Iced Beer includes tips on drinking, children and the housing market. It also recommends putting ice in your beer and, I've got to say, don't knock it till you've tried it.
The satirical book and the satirical character have helped propel Chin to a new level of stardom. Leben puts this down to the originality of the space that Chin and his character occupy in the minds of contemporary Australians.
She remains the only older Asian Australian woman of this ilk who occupied such a space on Australian screens and within the larger Australian media landscape. "Being a straight white man and talking about this stuff is problematic; I am part of the problem," Leben admits. "But diversity is important."
Leben, always funny and relentlessly self-effacing, continues to downplay the role he has played in the growth of Chin's social media success.
"It's not entirely down to me," he insists. "I don't even think it's mainly down to me. It's mainly down to (Chin). I couldn't possibly tell you why it's connected with people. Maybe because Lee Lin is completely unique but also represents all of us in a weird way … I don't know, that's a complete guess."
Chin's resignation last week, which she attributed to "small to medium sized reasons" without offering further insight, attracted large coverage across Australia. She added: "Working two days a week didn't give me enough time to devote to the pub and re-reading the complete works of Shakespeare. So now that I work zero days that issue has been addressed."
So, was Leben aware Chin was planning to resign? "Of course, I was at the pub with her when she drafted her resignation letter. If you go onto her Twitter page, there's a series of photos of her demanding her fans buy her beer. Those were taken just after she sent the letter off."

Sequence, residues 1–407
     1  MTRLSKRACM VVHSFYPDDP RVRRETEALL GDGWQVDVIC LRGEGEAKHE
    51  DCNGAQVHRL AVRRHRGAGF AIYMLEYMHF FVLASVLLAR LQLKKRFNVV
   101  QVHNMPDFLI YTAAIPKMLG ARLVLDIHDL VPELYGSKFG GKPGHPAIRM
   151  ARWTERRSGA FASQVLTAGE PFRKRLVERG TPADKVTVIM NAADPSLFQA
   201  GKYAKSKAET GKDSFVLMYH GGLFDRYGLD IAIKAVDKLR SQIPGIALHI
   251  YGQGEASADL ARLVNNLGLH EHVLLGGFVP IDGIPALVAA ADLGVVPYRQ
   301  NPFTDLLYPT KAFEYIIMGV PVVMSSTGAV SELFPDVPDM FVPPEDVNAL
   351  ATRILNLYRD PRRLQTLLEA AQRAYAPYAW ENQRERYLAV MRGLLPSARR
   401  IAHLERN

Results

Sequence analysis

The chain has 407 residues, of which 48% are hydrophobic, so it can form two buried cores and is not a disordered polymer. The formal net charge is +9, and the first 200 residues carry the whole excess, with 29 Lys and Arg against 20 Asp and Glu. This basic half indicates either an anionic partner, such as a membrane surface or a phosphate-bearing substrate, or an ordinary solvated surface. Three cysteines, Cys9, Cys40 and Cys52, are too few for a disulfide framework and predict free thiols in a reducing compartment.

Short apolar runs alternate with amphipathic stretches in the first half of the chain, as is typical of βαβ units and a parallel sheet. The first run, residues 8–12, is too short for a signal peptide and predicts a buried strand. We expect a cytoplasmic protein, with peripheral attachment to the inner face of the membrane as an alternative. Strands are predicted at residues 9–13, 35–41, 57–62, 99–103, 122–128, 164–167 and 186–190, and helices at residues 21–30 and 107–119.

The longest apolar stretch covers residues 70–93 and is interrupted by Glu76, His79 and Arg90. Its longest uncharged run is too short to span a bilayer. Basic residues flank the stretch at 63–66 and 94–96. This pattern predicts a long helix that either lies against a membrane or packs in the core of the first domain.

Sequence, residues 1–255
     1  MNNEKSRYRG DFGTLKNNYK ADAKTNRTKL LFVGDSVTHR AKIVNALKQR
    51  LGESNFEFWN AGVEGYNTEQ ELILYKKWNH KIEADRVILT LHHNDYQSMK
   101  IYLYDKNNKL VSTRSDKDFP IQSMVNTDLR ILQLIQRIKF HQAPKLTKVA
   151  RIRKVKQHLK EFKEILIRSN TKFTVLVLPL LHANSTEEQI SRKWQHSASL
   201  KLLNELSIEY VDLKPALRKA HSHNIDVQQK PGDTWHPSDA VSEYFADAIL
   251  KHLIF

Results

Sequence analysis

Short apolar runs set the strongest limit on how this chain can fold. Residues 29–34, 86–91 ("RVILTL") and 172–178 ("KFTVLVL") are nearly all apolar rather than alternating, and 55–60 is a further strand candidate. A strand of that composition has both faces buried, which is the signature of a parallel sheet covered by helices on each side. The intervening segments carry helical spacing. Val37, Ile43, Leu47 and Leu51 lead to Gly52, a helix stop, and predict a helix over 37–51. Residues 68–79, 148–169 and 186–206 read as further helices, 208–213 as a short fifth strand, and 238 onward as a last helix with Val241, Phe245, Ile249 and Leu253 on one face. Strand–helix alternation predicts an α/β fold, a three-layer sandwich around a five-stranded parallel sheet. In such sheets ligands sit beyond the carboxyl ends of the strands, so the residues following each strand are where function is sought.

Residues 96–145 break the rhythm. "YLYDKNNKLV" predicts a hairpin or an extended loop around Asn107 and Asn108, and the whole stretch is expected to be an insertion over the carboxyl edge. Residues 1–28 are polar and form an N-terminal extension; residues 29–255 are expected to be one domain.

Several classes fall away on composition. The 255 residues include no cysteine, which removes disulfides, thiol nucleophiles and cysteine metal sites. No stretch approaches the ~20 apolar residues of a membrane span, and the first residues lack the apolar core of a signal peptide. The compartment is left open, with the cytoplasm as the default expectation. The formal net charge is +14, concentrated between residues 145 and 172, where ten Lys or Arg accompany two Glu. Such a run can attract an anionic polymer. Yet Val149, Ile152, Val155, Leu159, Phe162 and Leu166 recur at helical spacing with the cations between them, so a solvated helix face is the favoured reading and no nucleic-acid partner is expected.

A tweet went out from Chin's account in the days after her resignation, clarifying her movements: "I have not retired, simply resigned," she wrote. "Retirement is death."
When I asked Leben if he was behind this particular tweet, he insisted, "I didn't write that. She did. It's something she's said to me on multiple occasions, even before she was considering leaving SBS. She hated that people were reporting on her resignation as if she were retiring. Her statements and the statements from SBS never once mentioned the word retirement. So we decided to tweet that."
Now that her final broadcast at SBS is complete, Chin's plans remain bright but nebulous, according to Leben. "I wish I could tell you her plans for the future, but other than go to Singapore to visit her family there's really nothing locked in," her says.
"She's got a couple of her own projects in development and a hell of a lot of offers but who knows what will come from them."
As the former head comedy writer for The Feed, and also a stand-up comedian, writer, biographer, Ted Talker, director, and now Chin's manager, Leben explains that there are no standard days. "I could be rushing through three freelance scripts that I've over-committed to or be getting a call from Lee Lin demanding I meet her at the pub in 15 minutes … even though she knows it takes me 40 minutes to get from my house to her favourite pub," he explains.
Beyond regularly hitting the pub with Chin, the pair also run a production company together called All The Chin's Men. He also runs a monthly comedy night and is developing two separate programs.
Leben also offers a sage piece of advice for any fans of Chin who are lucky enough to meet her. "If you see Lee Lin on the street, say hi, buy her a beer, she'd love to talk to you," he says. "But if you ask for a selfie she'll immediately shut down.
"She hates selfies, and if you ask for one she'll hate you too."